Too much optimism leads to bad planning, bad risks, bad business choices. Too little optimism leads to lower levels of physical and mental health, less resilience, less persistence in the face of obstacles, and an unwillingness to take appropriate risks.
Who needs optimism? Salespeople. Scientists engaging in research. Entrepreneurs. Inventors. Leaders. You?
So what’s right-sized optimism?
According to Daniel Kahneman in the book Thinking, Fast and Slow, mild optimism serves us well. We should be optimistic primarily in areas where we have some control. Optimism belongs in implementation, where resilience in the face of failure often differentiates success. Mild optimism belongs in our self-image, he says, where it contributes to our influence, our persistence, and our ability to inspire.
Optimism belongs less in decision making where it leads us to be too confident of things over which we have no control – the direction of the stock market or our competitors behavior, for example. Here’s where it causes leaders to over-estimate the chances of success. Kahneman provides powerful examples of what he calls the “planning fallacy” where we plan based on best case scenario, which is highly unlikely, and “sunk-cost fallacy” where we through good money after bad because we don’t want to lose what we’ve already invested by admitting failure.
He quotes some powerful statistics we optimists often ignore at our peril. For example, there is only a 35% chance that a small business will survive for five years in the US. But most entrepreneurs estimate their chances of success at 70%, almost double the value, and a full 33% said they had zero chance of failing. We overestimate how we do compared to others quite frequently, as shown in the well-established research that 90% of drivers think they are better than others. HA! Just drive in Boston to disprove that one. Of course, that only applies to others. Me – I’m much better than most drivers.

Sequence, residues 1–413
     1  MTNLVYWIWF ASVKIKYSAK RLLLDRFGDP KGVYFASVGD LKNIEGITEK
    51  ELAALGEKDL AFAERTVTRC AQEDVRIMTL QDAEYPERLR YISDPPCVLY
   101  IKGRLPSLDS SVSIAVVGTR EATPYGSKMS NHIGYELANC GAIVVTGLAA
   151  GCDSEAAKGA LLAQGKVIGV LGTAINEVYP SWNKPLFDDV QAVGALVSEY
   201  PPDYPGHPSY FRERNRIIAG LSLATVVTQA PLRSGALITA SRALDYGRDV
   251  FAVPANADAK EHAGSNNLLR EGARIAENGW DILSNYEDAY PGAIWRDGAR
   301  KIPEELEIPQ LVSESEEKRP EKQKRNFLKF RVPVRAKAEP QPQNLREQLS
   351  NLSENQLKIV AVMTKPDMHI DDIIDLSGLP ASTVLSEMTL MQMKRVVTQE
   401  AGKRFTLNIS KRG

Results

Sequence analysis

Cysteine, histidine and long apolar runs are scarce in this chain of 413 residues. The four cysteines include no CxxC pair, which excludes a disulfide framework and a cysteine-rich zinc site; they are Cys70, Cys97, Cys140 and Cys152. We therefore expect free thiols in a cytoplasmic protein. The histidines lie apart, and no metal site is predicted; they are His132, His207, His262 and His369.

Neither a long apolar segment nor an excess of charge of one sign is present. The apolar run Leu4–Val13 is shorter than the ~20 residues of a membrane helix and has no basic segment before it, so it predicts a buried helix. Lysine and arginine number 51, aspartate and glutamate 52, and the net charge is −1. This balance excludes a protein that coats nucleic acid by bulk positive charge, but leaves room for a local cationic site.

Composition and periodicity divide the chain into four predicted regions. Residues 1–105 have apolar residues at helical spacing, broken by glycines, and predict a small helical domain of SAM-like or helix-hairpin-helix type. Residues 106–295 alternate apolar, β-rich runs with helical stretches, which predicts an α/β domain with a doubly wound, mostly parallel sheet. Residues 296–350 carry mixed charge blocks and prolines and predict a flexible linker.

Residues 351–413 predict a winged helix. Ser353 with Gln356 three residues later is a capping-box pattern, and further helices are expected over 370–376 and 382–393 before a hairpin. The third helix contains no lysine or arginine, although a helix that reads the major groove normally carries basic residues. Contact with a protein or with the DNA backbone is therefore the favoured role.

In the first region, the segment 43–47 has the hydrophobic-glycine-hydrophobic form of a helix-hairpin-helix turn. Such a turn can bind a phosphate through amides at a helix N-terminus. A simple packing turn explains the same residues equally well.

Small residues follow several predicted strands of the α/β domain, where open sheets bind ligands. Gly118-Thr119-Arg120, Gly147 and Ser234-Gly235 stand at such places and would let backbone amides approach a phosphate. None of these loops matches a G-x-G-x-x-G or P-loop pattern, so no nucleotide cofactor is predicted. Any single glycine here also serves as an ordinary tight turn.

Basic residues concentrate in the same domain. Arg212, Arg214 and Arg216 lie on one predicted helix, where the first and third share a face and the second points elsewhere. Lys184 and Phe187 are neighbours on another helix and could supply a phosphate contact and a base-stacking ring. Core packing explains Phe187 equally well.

Clearly, I still like optimism, and find it useful particularly in relation to people. I like thinking the best of others – assuming they’re doing the best they can. It helps me be less judgmental and look for reasons why they do what they do if it doesn’t suit me, rather than just get angry.
I like the kind of optimism in Ben and Roz Zander’s Art of Possibility. There’s the chapter on Giving Yourself an A, where they write of Ben wanting to inspire his music students. At the beginning of the semester he gave everyone an A and then asked them to explain how they will have earned it. “The freely granted A lifts you off the success/failure ladder and spirits you away from the world of measurement into the universe of possibility. It is a framework that allows you to see all of who you are and be all of who you are, without having to resist or deny any part of yourself.” Doesn’t that empower just to read it?
Then they write of Rule Number 6 (the only rule) which is don’t take yourself so g-damn seriously. Maybe we need optimism to do this. We stop worrying quite so much about what’s wrong and wonder what might be right, or whether it even matters.
I can’t leave out the chapter on Leading from Any Chair in a discussion of optimism. The premise is that all who you lead should be able to shine, and if not, what are you missing. Everyone can be a leader and make a contribution from wherever they sit in the orchestra (or your company.) But you have to be optimistic and assume they can. In the words of the Zanders “How much greatness are we willing to grant people? Because it makes all the difference at every level who it is we decide we are leading.”
So the moral of the story is to right size your optimism according to task. Contain your optimism carefully and pay more attention to all available data when you are making decisions. Expand your optimism when it empowers you and others to accomplish more.
Just for today, take a minute to give yourself an A. Then think, “What would I have to have done by the end of this day to have earned it?” You have control over making that happen. Be optimistic.